The heads of some of the world’s largest banks and lenders met in Washington D.C, the US’ political capital, to discuss various ways in which fiscal resources can be pumped into organisations and programmes to ensure that food production increases and economies are stimulated despite the impacts of the ongoing conflict between Russia and Ukraine.
The heads of the World Bank Group, International Monetary Fund (IMF), the United Nations’ World Food Program (WFP) and World Trade Organization (WTO) also called on the international community to deploy financial support to households in vulnerable countries, facilitate unhindered trade, and invest in sustainable food production and nutrition security.
“The rise in food prices is exacerbated by a dramatic increase in the cost of natural gas, a key ingredient of nitrogenous fertilizer. Surging fertilizer prices along with significant cuts in global supplies have important implications for food production in most countries, including major producers and exporters, who rely heavily on fertilizer imports. The increase in food prices and supply shocks can fuel social tensions in many of the affected countries, especially those that are already fragile or affected by conflict,” a joint statement read.
“It is critical to quickly provide support for food insecure countries in a coordinated manner. We stand ready to work together with our multilateral and bilateral partners to help countries address this urgent crisis.”
The aftermath of Ukraine’s war is adding to the ongoing COVID-19 epidemic, which is now in its third year, as climate change, growing fragility, and violence continue to harm people all across the world, according to the statement. Supply shortages and sharply rising prices for commodities are putting pressure on households around the world, forcing millions more into poverty. The threat is highest for the poorest countries with a large share of consumption from food imports, but vulnerability is increasing rapidly in middle-income countries, which host the majority of the world’s poor.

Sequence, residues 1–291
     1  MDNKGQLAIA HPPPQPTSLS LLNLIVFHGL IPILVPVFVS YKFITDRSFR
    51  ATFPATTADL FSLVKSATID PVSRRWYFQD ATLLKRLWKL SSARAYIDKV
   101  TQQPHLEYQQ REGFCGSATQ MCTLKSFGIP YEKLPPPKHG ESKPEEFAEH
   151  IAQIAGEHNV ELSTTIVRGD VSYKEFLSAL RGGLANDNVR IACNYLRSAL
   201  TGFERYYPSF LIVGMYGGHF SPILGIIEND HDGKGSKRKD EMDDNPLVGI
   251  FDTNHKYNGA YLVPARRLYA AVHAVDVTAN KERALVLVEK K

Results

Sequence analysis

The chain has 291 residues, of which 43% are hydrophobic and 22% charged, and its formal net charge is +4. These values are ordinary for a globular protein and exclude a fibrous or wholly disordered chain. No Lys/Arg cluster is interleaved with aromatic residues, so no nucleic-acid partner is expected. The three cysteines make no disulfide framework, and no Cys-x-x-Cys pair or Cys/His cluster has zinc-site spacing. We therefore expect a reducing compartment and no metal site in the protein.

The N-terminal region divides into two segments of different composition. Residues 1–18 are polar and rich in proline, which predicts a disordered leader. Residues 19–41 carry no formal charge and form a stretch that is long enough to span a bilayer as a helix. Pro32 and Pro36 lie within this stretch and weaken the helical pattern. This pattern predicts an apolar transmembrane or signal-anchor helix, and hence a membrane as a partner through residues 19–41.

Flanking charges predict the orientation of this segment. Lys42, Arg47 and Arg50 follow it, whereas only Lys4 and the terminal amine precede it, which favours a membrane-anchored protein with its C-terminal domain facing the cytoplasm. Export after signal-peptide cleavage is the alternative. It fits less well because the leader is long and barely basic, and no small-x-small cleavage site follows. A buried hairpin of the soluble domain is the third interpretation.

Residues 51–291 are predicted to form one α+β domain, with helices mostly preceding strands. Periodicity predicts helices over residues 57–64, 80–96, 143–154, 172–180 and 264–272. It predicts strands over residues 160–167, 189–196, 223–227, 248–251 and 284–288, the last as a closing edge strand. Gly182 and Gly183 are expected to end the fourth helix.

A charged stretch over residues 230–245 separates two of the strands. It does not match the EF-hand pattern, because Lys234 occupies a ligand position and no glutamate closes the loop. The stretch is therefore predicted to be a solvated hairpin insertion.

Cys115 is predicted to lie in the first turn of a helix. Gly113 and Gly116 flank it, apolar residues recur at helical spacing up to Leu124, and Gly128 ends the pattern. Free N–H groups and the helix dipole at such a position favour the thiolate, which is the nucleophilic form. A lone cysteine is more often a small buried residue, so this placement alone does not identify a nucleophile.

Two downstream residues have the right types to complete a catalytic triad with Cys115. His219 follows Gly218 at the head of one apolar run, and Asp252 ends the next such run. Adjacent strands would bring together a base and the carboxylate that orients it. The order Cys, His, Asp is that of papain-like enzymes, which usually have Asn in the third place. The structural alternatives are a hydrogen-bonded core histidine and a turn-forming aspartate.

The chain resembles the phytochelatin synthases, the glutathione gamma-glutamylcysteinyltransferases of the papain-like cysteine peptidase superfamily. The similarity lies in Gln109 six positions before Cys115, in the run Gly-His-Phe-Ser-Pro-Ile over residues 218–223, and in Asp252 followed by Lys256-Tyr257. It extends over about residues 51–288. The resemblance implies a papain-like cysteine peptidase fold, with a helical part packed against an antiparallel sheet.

According to World Bank estimates, every 1% increase in food costs pushes 10 million people into extreme poverty around the world.
” We are committed to combining our expertise and financing to quickly step up our policy and financial support to help vulnerable countries and households as well as to increase domestic agricultural production in, and supply to, impacted countries. We can mitigate balance of payments pressures and work with all countries to keep trade flows open. In addition, we will further reinforce our monitoring of food vulnerabilities and are quickly expanding our multi-faceted policy advice to affected countries guided by the comparative advantages of our respective institutions.”